Tax return: do I need to complete one?


Andy Wood

Andy is a practical, creative tax adviser who assists a variety of clients in achieving their personal and commercial objectives in the most tax efficient manner.

Tax return: do I need to complete one?

Tax return – introduction

Not everyone needs to complete a tax return. For the tax year 2016/17 HMRC issued notices to around 11.8 million lucky ‘customers’. On the basis that there are around 66.5 million people in the UK. This is about 18% of the total population (including children and those who are retired.)

So who gets to join the self-assessment club – a club with few benefits unless you particularly enjoy a regular suspiciously brown envelope dropping on your door mat.

Tax return – who needs to file?

A taxpayer must file a tax return in the following circumstances:

  1. If you have either income or capital gains to reportand you must also notify chargeability;
  2. You are sent a notice to file a tax return by HMRC; or
  3. You need to claim a refund or make some other claim for relief.

Income or capital gains to report


Where one has a new source of income or gains then it is necessary for you to notify HMRC of this fact. Following notification, you will then be sent a notice to file a tax return by HMRC. If you fail to notify HMRC of the new income or capital gains in a timely basis then you may suffer a penalty.

If you do not receive such a notice to file and you are aware of the income and gains then you can still file a tax return.

Examples of income or capital gains

As stated, an individual will have an obligation to notify HMRC where he or she has a new source of income and / or a capital gain. Examplles of such income and gains might be as follows:

  • A capital gain on the disposal of an asset – eg a second property or a piece of art;
  • You have started a new business as a sole trader;
  • You have purchased some shares and have received dividend income and these do not fall within the personal allowances and / or dividend allowance; and / or
  • You have any other untaxed income

Sent a notice to file

One clear rule is that If HMRC send you a notice to file a tax return in the post then you mustfile a tax return. This remains the case even where there is no income to report and you may receive a late filing penalty. Inaction is not an option.

Claiming a refund

Where you wish to claim a refund or make other forms of claims for relief then it may be necessary to complete a tax return. Claim a relief or allowance that must be made on a return.

The special case of a new Director


The formation of a new Company at Companies House usually triggers two things. Firstly, the company is sent a corporation tax number and will be in the system for corporation tax going forward.

Secondly, HMRC will also add a new director to the self-assessment club once a company is formed.

It is worth pointing out that there is no immediate requirement to set up a PAYE scheme unless you are receiving, say, a salary that is subject to PAYE or you receive benefits from the company.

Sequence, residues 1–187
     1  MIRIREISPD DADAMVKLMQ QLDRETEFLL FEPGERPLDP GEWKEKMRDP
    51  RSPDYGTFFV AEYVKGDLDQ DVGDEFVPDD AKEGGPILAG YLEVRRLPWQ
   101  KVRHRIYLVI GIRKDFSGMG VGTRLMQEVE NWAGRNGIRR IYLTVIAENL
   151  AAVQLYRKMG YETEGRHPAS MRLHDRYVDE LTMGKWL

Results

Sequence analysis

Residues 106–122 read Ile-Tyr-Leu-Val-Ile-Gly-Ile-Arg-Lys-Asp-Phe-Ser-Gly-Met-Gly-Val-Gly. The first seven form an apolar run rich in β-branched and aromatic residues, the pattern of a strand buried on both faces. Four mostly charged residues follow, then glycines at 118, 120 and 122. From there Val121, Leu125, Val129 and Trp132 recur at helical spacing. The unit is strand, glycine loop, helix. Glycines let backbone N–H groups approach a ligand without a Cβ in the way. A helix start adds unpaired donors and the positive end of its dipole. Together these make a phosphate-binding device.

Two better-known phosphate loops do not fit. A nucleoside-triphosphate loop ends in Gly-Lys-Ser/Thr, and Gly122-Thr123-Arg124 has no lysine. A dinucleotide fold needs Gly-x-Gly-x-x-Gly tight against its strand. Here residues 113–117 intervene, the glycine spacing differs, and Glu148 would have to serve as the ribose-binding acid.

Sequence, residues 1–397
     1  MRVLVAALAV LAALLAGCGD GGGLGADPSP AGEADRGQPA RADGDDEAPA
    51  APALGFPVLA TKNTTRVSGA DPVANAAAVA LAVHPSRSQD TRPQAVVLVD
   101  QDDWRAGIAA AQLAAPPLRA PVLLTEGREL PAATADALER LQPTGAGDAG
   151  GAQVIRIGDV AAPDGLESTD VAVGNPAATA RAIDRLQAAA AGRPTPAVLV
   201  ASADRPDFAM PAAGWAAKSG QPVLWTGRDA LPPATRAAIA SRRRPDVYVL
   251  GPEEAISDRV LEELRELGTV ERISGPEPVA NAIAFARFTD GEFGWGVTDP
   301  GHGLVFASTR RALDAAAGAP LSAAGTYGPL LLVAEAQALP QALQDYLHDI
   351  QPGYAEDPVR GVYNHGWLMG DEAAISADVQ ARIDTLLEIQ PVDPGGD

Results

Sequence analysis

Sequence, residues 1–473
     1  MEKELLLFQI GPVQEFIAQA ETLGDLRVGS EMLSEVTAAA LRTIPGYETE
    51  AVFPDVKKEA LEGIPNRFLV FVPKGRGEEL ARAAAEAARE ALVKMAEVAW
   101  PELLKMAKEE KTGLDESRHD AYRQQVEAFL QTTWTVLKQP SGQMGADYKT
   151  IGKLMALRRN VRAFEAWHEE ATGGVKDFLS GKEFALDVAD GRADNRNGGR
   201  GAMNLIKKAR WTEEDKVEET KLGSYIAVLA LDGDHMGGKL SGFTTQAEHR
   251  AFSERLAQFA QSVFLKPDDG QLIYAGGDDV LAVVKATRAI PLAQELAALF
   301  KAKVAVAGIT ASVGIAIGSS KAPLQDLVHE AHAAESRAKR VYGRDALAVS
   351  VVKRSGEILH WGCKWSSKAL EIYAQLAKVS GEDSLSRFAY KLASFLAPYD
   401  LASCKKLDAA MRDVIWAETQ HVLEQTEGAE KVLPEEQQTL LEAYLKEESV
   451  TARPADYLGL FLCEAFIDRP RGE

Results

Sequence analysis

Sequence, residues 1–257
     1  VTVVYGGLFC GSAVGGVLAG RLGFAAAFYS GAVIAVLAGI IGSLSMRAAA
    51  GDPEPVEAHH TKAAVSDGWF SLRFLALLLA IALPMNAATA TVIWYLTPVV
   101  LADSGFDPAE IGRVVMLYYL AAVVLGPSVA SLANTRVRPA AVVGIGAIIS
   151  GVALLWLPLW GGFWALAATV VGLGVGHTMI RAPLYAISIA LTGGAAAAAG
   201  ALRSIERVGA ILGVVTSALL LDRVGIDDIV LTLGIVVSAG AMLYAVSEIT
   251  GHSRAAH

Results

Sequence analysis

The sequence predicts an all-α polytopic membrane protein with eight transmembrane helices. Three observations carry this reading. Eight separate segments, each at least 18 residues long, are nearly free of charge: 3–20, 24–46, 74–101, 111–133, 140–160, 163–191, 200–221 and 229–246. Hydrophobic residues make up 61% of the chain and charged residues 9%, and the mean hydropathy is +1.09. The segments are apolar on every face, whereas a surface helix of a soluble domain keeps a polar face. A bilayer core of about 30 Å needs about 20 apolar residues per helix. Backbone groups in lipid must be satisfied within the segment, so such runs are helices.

Mohammed Salem Kadhem v HMRC [2017]

This decision of the First Tier Tribunal (“FTT”) runs counter to HMRC’s long-standing approach of insisting directors file a tax return regardless of whether the director had any income from the company and had tax payable.

The star of the show, Mr Kadhem, was appointed a director of Tadmor Property Services Ltd on 27 May 2014 and he submitted his tax return for 2014-2015 electronically on 21 September 2016 after receiving a penalty for failing to file.

However, he argued that he never received a notice from HMRC to file a tax return. HMRC asserted that, due to the fact he was a director, he should have registered for self-assessment and filed a tax return and that he was required to do so without any prompt from HMRC.

Mr Kadhem argued as he received no notice to file he was under no obligation to file a tax return.

The FTT ruled that in the taxpayer’s failure and that he had a reasonable excuse for not filing his tax return on the basis there was no evidence to suggest the appellant had received a notice to file a return.

Further, the FTT did not agree with HMRC’s assertion that as a company director is required to register for self-assessment and file a tax return each year without prompt or reminder from HMRC. The FTT could find no authority in Taxes Management Act 1970, s8(1) for HMRC taking this position.


If you need any help in filing your tax return or in relation to any other tax matters then please get in touch.

Leave a Reply

Your email address will not be published. Required fields are marked *

This site uses Akismet to reduce spam. Learn how your comment data is processed.

By continuing to use the site, you agree to the use of cookies. more information

The cookie settings on this website are set to "allow cookies" to give you the best browsing experience possible. If you continue to use this website without changing your cookie settings or you click "Accept" below then you are consenting to this.